English: % of children aged 0-11 months who were placed in skin-to-skin contact with their mothers immediately following birth for at least an hour
French: % d'enfants âgés de 0 à 11 mois qui ont été placés en contact avec la peau de leur mère immédiatement après la naissance pendant au moins une heure
Portuguese: % de crianças com idades entre 0-11 meses que foram colocadas em contacto pele-com-pele com as suas mães imediatamente após o nascimento durante pelo menos uma hora
Czech: % dětí ve věku 0-11 měsíců, které byly ihned po porodu přiloženy na obnaženou pokožku matky po dobu alespoň jedné hodiny
What is its purpose?
Skin-to-skin contact between mother and infant shortly after birth is recommended by WHO as an effective practice helping to initiate early breastfeeding and increasing the likelihood of exclusive breastfeeding. The indicator assesses the extent to which this practice is used.
How to Collect and Analyse the Required Data
Collect the following data by conducting individual interviews with a representative sample of mothers of children aged 0-11.99 months:
RECOMMENDED SURVEY QUESTIONS (Q) AND POSSIBLE ANSWERS (A)
Q1: Immediately after your youngest baby was born, was her/his naked body placed on your bare chest?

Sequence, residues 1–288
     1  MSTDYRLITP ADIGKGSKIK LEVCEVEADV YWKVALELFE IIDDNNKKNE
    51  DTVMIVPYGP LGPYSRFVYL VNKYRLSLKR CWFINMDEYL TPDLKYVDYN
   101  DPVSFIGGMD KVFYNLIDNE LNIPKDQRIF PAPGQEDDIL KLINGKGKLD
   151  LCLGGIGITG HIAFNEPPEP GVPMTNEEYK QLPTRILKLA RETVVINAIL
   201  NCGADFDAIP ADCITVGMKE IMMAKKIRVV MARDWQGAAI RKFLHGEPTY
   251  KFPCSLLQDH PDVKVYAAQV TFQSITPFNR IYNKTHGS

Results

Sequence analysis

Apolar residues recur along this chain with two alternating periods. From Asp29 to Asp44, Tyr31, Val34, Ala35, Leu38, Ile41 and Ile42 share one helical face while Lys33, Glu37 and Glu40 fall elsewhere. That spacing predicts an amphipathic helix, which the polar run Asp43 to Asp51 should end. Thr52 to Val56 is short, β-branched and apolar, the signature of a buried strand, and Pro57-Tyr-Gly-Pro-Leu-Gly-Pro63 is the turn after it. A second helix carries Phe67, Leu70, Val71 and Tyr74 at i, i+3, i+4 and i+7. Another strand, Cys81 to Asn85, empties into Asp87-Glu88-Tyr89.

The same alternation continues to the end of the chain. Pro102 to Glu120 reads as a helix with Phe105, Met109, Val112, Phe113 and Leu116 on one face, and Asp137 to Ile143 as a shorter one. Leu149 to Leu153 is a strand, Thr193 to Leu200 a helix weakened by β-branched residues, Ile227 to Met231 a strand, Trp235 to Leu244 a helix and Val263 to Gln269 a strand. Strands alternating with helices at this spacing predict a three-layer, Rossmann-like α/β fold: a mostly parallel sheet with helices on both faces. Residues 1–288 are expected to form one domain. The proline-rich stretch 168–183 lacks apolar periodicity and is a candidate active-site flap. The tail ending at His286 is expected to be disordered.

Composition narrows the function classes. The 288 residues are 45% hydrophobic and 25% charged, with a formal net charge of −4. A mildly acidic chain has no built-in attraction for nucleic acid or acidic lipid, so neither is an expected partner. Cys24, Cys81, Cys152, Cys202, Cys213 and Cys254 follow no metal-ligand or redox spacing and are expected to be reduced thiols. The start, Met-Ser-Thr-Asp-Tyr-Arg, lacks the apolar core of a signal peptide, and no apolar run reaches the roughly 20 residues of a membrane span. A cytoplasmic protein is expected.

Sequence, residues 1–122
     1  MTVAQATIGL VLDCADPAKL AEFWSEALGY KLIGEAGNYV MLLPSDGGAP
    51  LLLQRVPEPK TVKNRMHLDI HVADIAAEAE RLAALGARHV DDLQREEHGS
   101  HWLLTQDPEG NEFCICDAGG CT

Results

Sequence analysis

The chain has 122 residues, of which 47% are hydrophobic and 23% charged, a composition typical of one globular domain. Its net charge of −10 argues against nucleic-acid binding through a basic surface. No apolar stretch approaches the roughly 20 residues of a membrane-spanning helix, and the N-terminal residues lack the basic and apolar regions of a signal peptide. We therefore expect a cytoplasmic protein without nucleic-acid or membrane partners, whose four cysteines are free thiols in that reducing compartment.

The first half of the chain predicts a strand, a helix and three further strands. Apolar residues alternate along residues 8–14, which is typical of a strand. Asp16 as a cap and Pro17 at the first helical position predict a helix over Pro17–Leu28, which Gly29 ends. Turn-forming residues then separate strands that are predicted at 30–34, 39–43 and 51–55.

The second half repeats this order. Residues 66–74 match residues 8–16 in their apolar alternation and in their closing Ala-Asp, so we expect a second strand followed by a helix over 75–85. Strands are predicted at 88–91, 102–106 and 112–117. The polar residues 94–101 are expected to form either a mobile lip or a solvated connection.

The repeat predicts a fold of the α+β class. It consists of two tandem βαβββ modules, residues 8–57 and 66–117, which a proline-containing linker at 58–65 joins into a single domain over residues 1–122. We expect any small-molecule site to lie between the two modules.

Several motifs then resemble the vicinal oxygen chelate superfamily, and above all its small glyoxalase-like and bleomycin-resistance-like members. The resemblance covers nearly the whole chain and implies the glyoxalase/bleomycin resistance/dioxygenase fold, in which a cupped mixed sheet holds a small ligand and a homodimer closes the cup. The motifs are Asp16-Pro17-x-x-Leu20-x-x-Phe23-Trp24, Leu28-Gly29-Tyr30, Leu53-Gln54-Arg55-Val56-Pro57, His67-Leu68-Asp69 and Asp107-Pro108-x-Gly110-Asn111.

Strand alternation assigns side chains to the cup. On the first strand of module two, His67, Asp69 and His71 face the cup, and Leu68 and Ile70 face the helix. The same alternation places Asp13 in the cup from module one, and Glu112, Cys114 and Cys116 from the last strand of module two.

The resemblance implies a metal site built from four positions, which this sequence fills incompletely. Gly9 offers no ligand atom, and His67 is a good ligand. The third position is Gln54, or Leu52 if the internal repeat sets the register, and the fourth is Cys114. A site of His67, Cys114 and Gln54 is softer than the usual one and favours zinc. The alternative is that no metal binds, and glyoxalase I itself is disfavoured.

A1: yes / no / does not remember
(ask the following question if the previous answer is YES)
Q2: For how long did the baby stay placed on your bare chest?
A2: less than one hour / more than one hour / does not remember
To calculate the indicator’s value, divide the number of newborns who were placed in skin-to-skin contact with their mothers immediately following birth for at least an hour by the total number of respondents (exclude those who did not remember). Multiply the result by 100 to convert it to a percentage.
Disaggregate the data by the delivery place (home, health centre, hospital), presence of a skilled birth attendant during delivery (present/ absent; use for home deliveries only), location (rural/ urban) and socio-economic characteristics (e.g. level of education).
1) Since mothers might not remember exactly the information your survey is asking about, consider conducting as many interviews as possible in pairs consisting of the mother and a birth attendant/ relative who attended the delivery/ who took care of the mother. While using such an approach will take you more time, it will very likely result in more accurate data.
2) This indicator relies on accurate age assessment. Since people often do not remember the exact dates of their children’s birth, the data collectors should always verify the child’s age. This can be done by reviewing the child’s birth certificate, vaccination card or another document; however, since many caregivers do not have such documents (and since they can include mistakes), it is essential that your data collectors are able to verify the child’s age by using local events calendars. Read FAO’s Guidelines (see below) to learn how to prepare local events calendars and how to train data collectors in their correct use.
Access Additional Guidance
- FAO (2008) Guidelines for Estimating the Month and Year of Birth of Young Children (.pdf)